OECD Economics Department Working Papers

ISSN: 
1815-1973 (online)
DOI: 
10.1787/18151973
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Working papers from the Economics Department of the OECD that cover the full range of the Department’s work including the economic situation, policy analysis and projections; fiscal policy, public expenditure and taxation; and structural issues including ageing, growth and productivity, migration, environment, human capital, housing, trade and investment, labour markets, regulatory reform, competition, health, and other issues.

The views expressed in these papers are those of the author(s) and do not necessarily reflect those of the OECD or of the governments of its member countries.

 

Assessing China's skills gap and inequalities in education You or your institution have access to this content

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Author(s):
Margit Molnar1, Boqing Wang, Ruidong Gao
Author Affiliations
  • 1: OECD, France

22 May 2015
Bibliographic information
No.:
1220
Pages:
28
DOI: 
10.1787/5js1j1805czs-en

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In recent years, many tertiary graduates have had difficulties finding a job, while factories have been struggling to recruit workers. Notwithstanding rapidly increasing education attainment, graduates’ skills do not seem to match those demanded by the market. Moreover, structural changes in the economy aggravate the shortage of skills in newly emerging industries. While the problem is widely recognised, empirical studies of the issue are scarce and the skills gap has not been quantified. This paper aims at gaging the skills and knowledge gap of tertiary graduates of universities and vocational colleges across China. It also looks at the employment and wage prospects of graduates with different educational backgrounds. Inequalities in educational opportunities, stemming in particular from the urban-rural divide and to a lesser extent from the social background, shape careers and lives. The best primary and middle schools are located in the biggest cities and until recently children competed for a place at such schools. In third and fourth-tier cities or in rural areas, in contrast, there are fewer choices and thus less chance to get into a “model” high school or a top university. The family background also tends to have an impact on the choice of a school or profession and on future earnings. This paper discusses various aspects of inequalities related to the place of upbringing, family background and geographical area. Micro-level data analysis is complemented by an investigation into inequalities of various aspects of education at the city and county levels. This Working Paper relates to the 2015 OECD Economic Survey of China www.oecd.org/eco/surveys/economic-survey-china.htm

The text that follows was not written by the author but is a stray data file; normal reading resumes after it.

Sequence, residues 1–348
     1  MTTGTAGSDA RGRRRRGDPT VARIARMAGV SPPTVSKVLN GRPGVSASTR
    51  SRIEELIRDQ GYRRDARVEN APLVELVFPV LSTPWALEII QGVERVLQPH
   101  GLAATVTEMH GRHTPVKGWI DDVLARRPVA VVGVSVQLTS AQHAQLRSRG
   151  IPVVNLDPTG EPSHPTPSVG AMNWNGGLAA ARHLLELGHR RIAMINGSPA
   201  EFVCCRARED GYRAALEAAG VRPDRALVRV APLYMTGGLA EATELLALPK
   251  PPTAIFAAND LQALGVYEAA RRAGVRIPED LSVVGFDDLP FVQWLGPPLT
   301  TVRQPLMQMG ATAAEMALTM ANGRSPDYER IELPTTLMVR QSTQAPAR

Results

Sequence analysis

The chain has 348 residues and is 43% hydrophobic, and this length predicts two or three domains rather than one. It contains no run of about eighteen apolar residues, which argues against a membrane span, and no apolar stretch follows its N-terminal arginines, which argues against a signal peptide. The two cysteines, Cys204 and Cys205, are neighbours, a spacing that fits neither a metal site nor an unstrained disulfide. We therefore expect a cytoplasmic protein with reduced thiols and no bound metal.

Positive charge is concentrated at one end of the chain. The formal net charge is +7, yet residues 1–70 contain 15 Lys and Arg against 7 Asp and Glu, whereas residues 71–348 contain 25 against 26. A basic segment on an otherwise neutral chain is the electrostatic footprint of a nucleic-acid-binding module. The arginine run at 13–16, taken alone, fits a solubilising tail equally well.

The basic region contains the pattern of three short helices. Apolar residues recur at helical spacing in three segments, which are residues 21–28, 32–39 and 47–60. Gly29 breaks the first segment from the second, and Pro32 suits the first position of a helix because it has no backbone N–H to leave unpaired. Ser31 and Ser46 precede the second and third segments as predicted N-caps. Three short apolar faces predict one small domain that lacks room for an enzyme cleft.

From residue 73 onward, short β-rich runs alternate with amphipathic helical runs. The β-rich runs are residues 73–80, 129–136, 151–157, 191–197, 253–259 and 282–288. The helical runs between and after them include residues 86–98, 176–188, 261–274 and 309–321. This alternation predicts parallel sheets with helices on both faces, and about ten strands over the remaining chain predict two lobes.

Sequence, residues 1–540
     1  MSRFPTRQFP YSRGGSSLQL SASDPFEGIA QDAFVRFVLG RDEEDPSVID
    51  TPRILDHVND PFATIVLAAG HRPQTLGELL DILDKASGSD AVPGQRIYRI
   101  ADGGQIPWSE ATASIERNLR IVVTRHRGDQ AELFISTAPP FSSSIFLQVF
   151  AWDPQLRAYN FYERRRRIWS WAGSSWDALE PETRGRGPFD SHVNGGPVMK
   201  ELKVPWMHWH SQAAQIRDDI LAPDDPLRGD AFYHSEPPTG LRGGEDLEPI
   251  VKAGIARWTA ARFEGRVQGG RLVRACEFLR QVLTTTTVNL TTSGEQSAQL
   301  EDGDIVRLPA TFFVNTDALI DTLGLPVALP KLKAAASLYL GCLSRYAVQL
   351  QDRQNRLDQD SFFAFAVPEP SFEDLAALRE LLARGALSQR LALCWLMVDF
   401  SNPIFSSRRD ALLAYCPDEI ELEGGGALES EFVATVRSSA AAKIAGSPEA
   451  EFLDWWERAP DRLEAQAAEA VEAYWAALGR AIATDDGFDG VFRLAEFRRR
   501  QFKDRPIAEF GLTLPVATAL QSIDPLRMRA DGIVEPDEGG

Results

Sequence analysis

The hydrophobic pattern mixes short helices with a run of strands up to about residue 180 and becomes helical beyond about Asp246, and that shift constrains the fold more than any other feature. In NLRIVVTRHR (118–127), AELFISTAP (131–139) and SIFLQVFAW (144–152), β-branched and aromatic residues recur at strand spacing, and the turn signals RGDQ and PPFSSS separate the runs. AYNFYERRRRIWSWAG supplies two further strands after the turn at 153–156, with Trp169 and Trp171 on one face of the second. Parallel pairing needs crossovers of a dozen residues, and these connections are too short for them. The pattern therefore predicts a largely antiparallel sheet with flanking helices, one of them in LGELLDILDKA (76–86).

Keywords:
skills mismatch, educational opportunity, China, vocational college, urban-rural divide, inequality, university graduates, family background, government spending
JEL Classification:
  • H52: Public Economics / National Government Expenditures and Related Policies / Government Expenditures and Education
  • I23: Health, Education, and Welfare / Education and Research Institutions / Higher Education ; Research Institutions
  • I24: Health, Education, and Welfare / Education and Research Institutions / Education and Inequality
  • J24: Labor and Demographic Economics / Demand and Supply of Labor / Human Capital ; Skills ; Occupational Choice ; Labor Productivity
 
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